Laurie Parker joined the Early Childhood team this year as the roving assistant/Spanish teacher but transitioned to an Assistant Teacher in the EC3 class by November. Before a short stint at Educational Testing Service (ETS), Laurie spent eight years teaching French at Princeton Day School (PDS). She also spent seven years as an ESL teacher at the Princeton Adult School.
1) What drew you to a career in education - specifically world languages/ESL and then your transition to early childhood?
I have always been drawn to helping others, and teaching is the ultimate transformative experience. I saw it first-hand teaching ESL; I started a workplace ESL program at PDS teaching English to the custodial staff after school. I was able to help one of my students prepare for and pass the citizenship test. It was so rewarding to see her success. And that is what drives me -- to see all of my students succeed, even if it is as simple as writing their names or tying their shoes. I love working with all age groups, but the most fun has been teaching children. I taught French to children ages four to ten in the Lower School at PDS. I truly enjoyed teaching world languages and discovering with them the dozens of countries where French is spoken, but parenting my own two children opened my eyes to the joys of teaching everything else. I realized that I had much more to offer as a teacher in all of the content areas, such as math, science, literacy and the arts.
2) Who are/were your mentors?
My aunt Carmen was the first one in my family to graduate from college. She grew up in a rural town in Puerto Rico where education was not highly valued, but she saw education as the only way out. She went on to become a bilingual first grade teacher in Perth Amboy for over 30 years. I even went to the same elementary school for second and third grade, so I got to help out in her classroom from time to time. Her perseverance and success encouraged me, and while I wasn't always sure I would be a teacher, I saw the hard work she put into her teaching and the results of her efforts. She instilled the importance of education in me, and I became the second person in my family to graduate from college. And in 2020, I will also have earned a master's degree in education -- just like my aunt!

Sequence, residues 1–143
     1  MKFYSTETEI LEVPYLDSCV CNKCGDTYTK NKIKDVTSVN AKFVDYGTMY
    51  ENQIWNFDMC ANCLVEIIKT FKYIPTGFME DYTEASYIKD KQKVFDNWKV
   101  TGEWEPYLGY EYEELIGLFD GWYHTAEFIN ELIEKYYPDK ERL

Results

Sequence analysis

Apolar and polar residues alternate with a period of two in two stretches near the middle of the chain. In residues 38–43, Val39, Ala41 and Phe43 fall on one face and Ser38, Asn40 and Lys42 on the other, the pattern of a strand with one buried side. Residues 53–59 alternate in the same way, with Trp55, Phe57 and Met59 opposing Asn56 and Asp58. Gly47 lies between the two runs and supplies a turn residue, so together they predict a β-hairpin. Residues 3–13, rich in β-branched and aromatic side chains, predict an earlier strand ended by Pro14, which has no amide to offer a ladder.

I had another incredible mentor at PDS - the Lower School Head, John Weaver. John was a teacher of teachers and an avid learner. He took the time to observe my work and give me relevant feedback on a regular basis. I learned so much from him about teaching and learning, but most importantly that the education of young children should be about nurturance - helping them understand themselves and their world around them, supporting and developing their curiosity in a safe space.
3) What do you enjoy about teaching Spanish to preschool-aged children, and what are the benefits of learning a language at such an early age?
I had the benefit of learning Spanish as a child through my family; it wasn't until high school that I learned French. Learning a language can be difficult as an adult, but children are like sponges. They are able to soak it all in and use the language fearlessly. We know from research that a child's developing brain allows for an easier acquisition of languages, and exposure to multiple languages has a positive impact on literacy, social development, cultural awareness, and tolerance. Besides, teaching Spanish to children is just plain fun! We sing, dance, act and play - all in Spanish!
4) I understand you have your brown belt in taekwondo? Can you talk about how long you've been doing that and what the belt tests are like? How has this interest carried over into your teaching style/philosophy?
I started taekwondo about two years ago, partly in an effort to improve my health, to find a meditative experience, and also to live out my dreams of being Bruce Lee! I have now earned by junior black belt and I am about a year away from earning my first degree black belt. It has been HARD physically and emotionally, but also one of my greatest achievements. Each week I am sparring with kids 25 years younger than me, and I'm keeping up! I have learned some incredible lessons from taekwondo - nothing is impossible, never give up, no complaints, have respect for others, always finish what I start, and have a plan to achieve my goals. I carry these lessons into my teaching and share them often with my students, to encourage them to have a growth mindset and believe that they can achieve anything if they set their minds to it.